1. What is Technical Analysis?
Technical analysis (TA) is the study of price history and trading volumes in order to identify patterns that predict price movements. Technical analysis is applicable to any asset with a history of past price changes, including cryptocurrencies, fiat money, commodities and stocks.
2. Who developed technical analysis and when?
Primitive forms of technical analysis appeared in Amsterdam in the 17th century and in Japan in the 18th century. Modern TA originated in the writings of American journalist Charles Dow, founder of The Wall Street Journal. Dow was one of the first to notice that assets and markets often develop in trends which can be fragmented and analyzed. Based on his observations, he created a concept known as Dow Theory.
3. The key tenets of Dow’s theory are
- Pricing is driven by everything that happens in the market; all present, past and future factors (demand, regulatory changes, market participants’ expectations, etc.) are already factored into the current price of an asset and trading volume. The study of price/volume dynamics is sufficient for predicting the likely development of events in the market.
- The main thing is the “what,” not the “why. The focus of the technical analyst is the price of the asset, not the various variables which produce the price movement. Price is a reflection of the opposing forces of supply and demand, which are closely related to the emotions of fear and greed of market participants.
- Price movements are not haphazard, but subject to trends. The aggregate of changes in the balance of supply and demand over a certain period of time forms trends (short-, medium- and long-term). If demand exceeds supply, there is an upward trend; if supply exceeds demand, there is a downward trend. When supply and demand balance each other out, there is a sideways price trend (flat).
- History tends to repeat itself. Market psychology can be predicted as traders stereotypically react to similar factors.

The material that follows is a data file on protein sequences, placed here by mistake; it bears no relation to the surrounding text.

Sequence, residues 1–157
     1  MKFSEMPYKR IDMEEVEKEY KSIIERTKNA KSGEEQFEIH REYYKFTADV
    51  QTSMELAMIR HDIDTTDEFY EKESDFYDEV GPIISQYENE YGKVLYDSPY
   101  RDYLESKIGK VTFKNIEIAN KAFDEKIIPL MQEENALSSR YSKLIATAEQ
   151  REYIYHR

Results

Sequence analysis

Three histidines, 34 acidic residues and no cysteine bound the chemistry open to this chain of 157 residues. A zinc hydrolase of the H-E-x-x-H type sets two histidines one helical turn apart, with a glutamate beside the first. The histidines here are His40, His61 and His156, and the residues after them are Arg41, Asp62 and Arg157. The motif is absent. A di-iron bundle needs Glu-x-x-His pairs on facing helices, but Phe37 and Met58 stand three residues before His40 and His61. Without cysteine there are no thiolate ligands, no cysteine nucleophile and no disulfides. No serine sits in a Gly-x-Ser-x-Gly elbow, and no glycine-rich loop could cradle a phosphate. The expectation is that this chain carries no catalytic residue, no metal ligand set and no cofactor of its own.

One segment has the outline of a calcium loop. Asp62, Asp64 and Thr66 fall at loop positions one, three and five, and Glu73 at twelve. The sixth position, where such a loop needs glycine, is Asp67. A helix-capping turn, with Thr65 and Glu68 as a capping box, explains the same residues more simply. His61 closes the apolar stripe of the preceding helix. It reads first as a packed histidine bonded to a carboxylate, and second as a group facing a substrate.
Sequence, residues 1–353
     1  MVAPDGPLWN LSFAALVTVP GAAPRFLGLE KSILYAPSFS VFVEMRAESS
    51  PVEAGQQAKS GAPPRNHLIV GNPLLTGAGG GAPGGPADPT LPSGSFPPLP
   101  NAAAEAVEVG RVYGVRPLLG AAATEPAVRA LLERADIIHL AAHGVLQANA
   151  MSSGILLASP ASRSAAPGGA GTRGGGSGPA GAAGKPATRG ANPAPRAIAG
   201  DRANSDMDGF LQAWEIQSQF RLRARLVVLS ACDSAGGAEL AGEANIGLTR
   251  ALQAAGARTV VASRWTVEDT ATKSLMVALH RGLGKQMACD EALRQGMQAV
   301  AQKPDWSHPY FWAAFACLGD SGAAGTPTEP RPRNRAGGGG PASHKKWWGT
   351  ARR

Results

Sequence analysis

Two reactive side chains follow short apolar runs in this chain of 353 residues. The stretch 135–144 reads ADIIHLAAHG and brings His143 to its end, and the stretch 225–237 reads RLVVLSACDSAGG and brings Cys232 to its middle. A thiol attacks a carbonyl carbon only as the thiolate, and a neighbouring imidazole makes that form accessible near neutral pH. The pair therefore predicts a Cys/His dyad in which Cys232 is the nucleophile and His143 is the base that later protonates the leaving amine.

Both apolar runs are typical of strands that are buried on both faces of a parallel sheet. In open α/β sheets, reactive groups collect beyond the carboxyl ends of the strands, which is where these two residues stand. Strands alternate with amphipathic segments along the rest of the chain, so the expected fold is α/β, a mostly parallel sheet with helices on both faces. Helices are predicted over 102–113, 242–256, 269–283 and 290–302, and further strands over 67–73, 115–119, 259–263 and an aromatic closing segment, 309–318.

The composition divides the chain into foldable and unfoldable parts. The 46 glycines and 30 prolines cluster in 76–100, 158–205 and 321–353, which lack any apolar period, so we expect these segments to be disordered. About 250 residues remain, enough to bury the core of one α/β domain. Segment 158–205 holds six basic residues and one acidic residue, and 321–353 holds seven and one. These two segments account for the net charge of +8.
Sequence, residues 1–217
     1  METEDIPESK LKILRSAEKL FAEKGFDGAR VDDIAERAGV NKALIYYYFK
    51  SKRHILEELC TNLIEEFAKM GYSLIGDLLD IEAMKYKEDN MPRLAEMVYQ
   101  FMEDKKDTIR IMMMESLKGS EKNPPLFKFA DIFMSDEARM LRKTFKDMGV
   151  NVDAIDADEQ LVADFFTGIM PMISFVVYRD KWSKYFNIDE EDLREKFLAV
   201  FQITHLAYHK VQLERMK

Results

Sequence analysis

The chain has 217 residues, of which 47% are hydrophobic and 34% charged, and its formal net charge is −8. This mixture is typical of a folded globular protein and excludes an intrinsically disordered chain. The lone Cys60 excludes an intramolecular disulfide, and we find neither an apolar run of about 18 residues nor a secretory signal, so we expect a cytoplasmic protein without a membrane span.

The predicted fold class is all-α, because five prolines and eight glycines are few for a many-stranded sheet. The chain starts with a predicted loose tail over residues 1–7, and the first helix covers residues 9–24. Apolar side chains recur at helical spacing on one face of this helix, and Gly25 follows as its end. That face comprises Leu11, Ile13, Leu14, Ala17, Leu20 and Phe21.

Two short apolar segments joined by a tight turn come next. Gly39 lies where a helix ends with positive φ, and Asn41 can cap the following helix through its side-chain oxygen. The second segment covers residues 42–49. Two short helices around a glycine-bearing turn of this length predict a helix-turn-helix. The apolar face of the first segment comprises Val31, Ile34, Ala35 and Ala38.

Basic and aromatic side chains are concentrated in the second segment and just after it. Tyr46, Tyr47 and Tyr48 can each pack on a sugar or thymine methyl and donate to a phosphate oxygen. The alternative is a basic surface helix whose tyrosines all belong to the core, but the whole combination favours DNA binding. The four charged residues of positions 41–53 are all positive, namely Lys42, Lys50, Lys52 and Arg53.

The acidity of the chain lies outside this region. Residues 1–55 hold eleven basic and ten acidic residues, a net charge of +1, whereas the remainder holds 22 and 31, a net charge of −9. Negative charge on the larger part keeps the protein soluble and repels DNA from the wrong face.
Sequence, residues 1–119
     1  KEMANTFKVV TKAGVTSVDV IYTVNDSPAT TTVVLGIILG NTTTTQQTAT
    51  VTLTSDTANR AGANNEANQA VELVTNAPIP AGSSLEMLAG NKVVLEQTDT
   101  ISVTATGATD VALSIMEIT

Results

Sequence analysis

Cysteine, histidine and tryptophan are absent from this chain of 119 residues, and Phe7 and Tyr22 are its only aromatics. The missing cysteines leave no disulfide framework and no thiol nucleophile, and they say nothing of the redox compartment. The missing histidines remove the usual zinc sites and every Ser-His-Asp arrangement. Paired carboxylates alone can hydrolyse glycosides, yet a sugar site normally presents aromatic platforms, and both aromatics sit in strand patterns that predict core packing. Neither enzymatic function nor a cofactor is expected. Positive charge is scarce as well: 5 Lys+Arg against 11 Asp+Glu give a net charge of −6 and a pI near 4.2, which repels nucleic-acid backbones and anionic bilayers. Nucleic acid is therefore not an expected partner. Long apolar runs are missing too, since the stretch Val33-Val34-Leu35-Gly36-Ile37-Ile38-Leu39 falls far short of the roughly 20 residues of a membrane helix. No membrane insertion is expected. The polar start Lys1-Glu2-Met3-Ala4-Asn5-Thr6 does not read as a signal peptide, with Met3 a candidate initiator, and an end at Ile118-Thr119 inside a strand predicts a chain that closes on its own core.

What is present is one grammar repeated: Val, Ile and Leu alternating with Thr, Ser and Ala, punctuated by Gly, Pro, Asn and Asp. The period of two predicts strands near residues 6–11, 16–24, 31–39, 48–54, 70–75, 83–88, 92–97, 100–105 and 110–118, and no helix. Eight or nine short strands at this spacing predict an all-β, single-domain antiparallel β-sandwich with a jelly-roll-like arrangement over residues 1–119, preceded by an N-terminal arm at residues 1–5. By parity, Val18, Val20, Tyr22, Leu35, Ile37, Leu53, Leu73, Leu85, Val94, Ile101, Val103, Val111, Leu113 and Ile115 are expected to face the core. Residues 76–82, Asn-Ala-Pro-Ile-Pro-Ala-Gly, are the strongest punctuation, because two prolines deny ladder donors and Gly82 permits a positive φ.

4. How does technical analysis differ from fundamental analysis?
Unlike the TA approach, where price histories and trading volumes are paramount, fundamental analysis (FA) is designed to assess the intrinsic value of an asset and considers not only quantitative but also qualitative factors, including:
- financial and operating performance;
- a company’s management and reputation;
- market competition;
- the general state of the industry, etc.
Based on this data, future performance of the asset is predicted.
FA is more effective and reliable in markets operating under normal circumstances, with large trading volumes and high liquidity. Such markets are less susceptible to price manipulation and external influences that produce false signals and make TA of little use.
Technical analysis is mainly used as a tool to forecast price movements and market behavior, fundamental analysis is used as a method to assess the value of an asset according to its potential and context.
TA is popular among short-term traders, FA among stock managers and long-term investors.
5. How does technical analysis work?
Technical analysis examines and analyzes patterns, which are typical patterns that are formed on price charts (Double Bottom, Triangle, Flag, etc.), as well as levels, often based on previous highs or lows in prices. As prices approach previous highs or lows, market participants expect similar reversals and tend to place trade orders, which in turn generates resistance and support levels.
For technical analysis of prices, levels and patterns charts are used, which show the change in prices over a certain period of time. The most popular among traders are Japanese candlestick charts, line charts, as well as histogram charts (bars).